Typhoon Megi

I don’t even remember what day it started raining. I do know that it came down steadily, impossibly. Every time I looked outside, it was still pounding the same rhythm. The news reports came in, Typhoon Megi was devastating the Philippines, but would probably miss us and head on to China. We’d just get more rain. And more rain. And more rain. I kept looking for a break in the downpour, but it never came. Usually I leave Yilan for the (sometimes) dryer streets of Taipei on Wednesday nights, but not this week. This week I was scheduled to teach in Hualian on Friday. That meant working from home on Thursday.

I ran out for groceries in the morning, bypassing the underpass near my back entrance, as it was starting to fill with water. My friends had offered to pick me up in their car at 12:30, still pouring. I noticed a car stuck in the underpass, lights flashing. Too much water. We heard rumors of a typhoon holiday and school cancellations, but weren’t sure. At three when they were driving me home, we passed by my old apartment, and noticed water pooling in the intersection. Passed by the empty school, and headed down main street (zhong shan road), we started to realize that the weather was more serious than we’d imagined. Shop owners were sweeping water out of their stores. Water was splashing up to our windows. Scooters were stalling in intersections as their engines filled with water. It took at least twice as long to get home.

Looking out my back window, I noticed the small creek behind my house had tripled in size. The rice fields further back were turning into a large lake, their divisions indistinguishable. The unlucky car was being towed from the underpass, where the water was more than halfway up in just two hours. I turned on the news. There was the road next to the school I had taught at the day before, cordoned off because it was too flooded to drive on. The reports kept coming in, landslides on the highway, kids stranded in a kindergarten, trains stopped, water one story high in Su-Ao. I couldn’t believe it, Yilan is the second rainiest city inTaiwan. On the East cost, we tend to weather typhoons pretty well too. But something had reached the breaking point.

I went to bed wondering if the trains would be running again the next day. They started about 7:30am; an hour later, I was on my way to Hualian. We slowed to a crawl through Su-Ao, where the tracks still had water on them, and the area next to them was submerged. I was a little shocked to find that Hualian was dry!

I called Christine and Ivan and found out that their kitchen had been flooded, but their electronics and books on the first floor were spared. I heard that they were organizing some relief efforts among the churches. Saturday night, I returned to Yilan, and things had dried out significantly in the downtown areas.

At church on Sunday, an elder announced that in lieu of the scheduled “Outreach and ministries planning meeting”, he wanted to go and help.

Unsure of how much of a help I’d be, I decided to go along anyway. We passed trucks filled with muddy and destroyed furniture and other debris headed to a growing dump site. We got into different cars and drove to a church near the hardest-hit area. They were passing out gloves and bottled water to volunteers, as well as fitting people with rubber boots. Ivan told us that we’d have to park downtown and walk in, and that we were needed to help sweep muddy water out of houses, wash or remove furniture, and to encourage the people who’d already spent the last 2-3 days cleaning out their homes.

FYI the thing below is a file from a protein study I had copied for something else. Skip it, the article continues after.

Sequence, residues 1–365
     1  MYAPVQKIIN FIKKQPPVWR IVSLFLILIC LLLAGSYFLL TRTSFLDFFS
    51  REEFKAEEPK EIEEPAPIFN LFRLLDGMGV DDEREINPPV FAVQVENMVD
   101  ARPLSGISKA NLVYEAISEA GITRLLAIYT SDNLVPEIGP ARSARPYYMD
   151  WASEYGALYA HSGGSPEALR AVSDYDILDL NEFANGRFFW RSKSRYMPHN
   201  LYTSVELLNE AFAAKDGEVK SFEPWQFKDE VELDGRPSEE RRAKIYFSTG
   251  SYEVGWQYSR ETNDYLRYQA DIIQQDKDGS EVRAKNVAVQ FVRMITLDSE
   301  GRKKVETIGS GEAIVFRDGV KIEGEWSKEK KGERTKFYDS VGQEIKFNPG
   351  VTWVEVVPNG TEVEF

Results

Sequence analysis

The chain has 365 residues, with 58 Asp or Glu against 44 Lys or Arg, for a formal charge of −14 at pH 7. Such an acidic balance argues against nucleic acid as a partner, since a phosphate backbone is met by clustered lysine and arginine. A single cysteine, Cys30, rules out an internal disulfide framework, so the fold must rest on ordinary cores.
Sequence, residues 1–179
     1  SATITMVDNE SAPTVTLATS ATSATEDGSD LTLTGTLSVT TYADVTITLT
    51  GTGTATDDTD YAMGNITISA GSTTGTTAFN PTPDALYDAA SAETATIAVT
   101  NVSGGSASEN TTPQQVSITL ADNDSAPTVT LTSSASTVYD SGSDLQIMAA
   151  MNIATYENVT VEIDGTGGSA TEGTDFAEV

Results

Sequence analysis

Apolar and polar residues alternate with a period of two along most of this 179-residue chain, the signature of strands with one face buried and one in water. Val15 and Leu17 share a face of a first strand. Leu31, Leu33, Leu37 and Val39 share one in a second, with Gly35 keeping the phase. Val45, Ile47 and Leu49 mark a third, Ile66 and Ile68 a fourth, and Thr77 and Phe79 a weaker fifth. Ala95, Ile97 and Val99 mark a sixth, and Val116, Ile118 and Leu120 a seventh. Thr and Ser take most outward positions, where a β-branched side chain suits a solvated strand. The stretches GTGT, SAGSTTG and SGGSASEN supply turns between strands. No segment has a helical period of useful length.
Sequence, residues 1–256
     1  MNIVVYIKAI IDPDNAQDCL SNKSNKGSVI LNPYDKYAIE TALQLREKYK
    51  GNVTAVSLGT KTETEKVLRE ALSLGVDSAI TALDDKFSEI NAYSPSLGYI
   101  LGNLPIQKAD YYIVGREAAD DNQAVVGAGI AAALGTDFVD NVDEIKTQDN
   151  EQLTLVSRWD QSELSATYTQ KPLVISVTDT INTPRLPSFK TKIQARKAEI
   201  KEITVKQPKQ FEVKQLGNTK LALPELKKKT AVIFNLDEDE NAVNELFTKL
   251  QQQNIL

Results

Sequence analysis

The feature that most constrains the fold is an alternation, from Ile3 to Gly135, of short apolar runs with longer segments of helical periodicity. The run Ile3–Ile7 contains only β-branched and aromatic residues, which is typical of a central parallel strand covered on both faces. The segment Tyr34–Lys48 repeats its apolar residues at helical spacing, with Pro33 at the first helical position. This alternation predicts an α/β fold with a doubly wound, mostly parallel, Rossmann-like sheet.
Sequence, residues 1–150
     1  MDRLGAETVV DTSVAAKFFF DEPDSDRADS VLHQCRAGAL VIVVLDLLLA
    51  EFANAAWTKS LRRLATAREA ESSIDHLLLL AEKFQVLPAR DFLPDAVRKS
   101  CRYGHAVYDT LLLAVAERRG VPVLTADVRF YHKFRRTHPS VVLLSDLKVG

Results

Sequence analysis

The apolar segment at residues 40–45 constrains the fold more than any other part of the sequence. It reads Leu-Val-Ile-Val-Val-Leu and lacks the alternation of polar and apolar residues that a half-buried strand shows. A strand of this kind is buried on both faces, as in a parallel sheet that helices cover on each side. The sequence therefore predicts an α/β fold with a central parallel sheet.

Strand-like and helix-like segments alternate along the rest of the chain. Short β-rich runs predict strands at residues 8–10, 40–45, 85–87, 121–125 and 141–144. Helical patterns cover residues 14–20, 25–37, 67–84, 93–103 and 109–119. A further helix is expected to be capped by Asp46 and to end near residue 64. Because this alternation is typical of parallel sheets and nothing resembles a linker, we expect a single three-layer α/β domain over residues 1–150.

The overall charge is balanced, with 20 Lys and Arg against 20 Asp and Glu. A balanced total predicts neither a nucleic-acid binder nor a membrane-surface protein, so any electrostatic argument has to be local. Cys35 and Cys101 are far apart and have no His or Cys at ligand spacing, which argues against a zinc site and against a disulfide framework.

It’s hard to describe the scene that met us when we got to Nan-Fang-Ao. The streets were filled with people in different garb – the military in fatigues, the TzuChi Buddhist foundation in navy blue regiments, us in our yellow vests with “Jesus loves you” emblazoned across the back, and all manner of others come out to help. It was truly amazing. We headed down increasingly smaller alleys, not really sure where to start or how to help. I offered a “xing ku le 幸苦了” (maybe translated as “I see your pain”) to people who looked up from their work. We saw a lady trying to clear a path through the mud in front of her house and grabbed brooms to help. On the street behind us, the mud was piled up about a foot and a half, with soldiers shoveling it into trucks to haul it away.

Teresa got a call from a former classmate of hers who runs a small private school in downtown Su-Ao, and we headed over there to help. They were in the heart of it, and every store on the block was shoveling, washing, and discarding ruined goods. I saw a gutted 7-11 on the corner, along with pharmacies, tea shops and a restaurant. The school owner told us that they’d lost four computers and a DVD player. The muddied and ruined photocopier was the only thing left in the room, waiting for the next garbage truck to pass by. They’d been cleaning non-stop and were almost finished. They didn’t have anything for us to help with, but were eager to share their stories. We prayed with them. We only had about a half an hour left before we were supposed to report back to the volunteer center. We found a restaurant and helped them wash shelves, bowls, stools and tables. There was mud caked under every level of the shelving. I finally started to feel like I was helping.

Pastor Wang said that we were there also just to sympathize with them, to feel for them, to

better understand their loss. I agree. Taiwan has its share of natural disasters, including Typhoon Morakot (8/8/2009), but this time it really felt real to me, it happened right in my backyard. The images I saw weren’t just on the news. And the people I met lost a lot, some everything. They were grateful for the blessings poured out on them, no matter the source, and were overwhelmed by the aid coming from their fellow countrymen. I’m not sure how much more I’m able to do, except to ask you all to pray for my dear Yilan-ren as well. 宜蘭加油!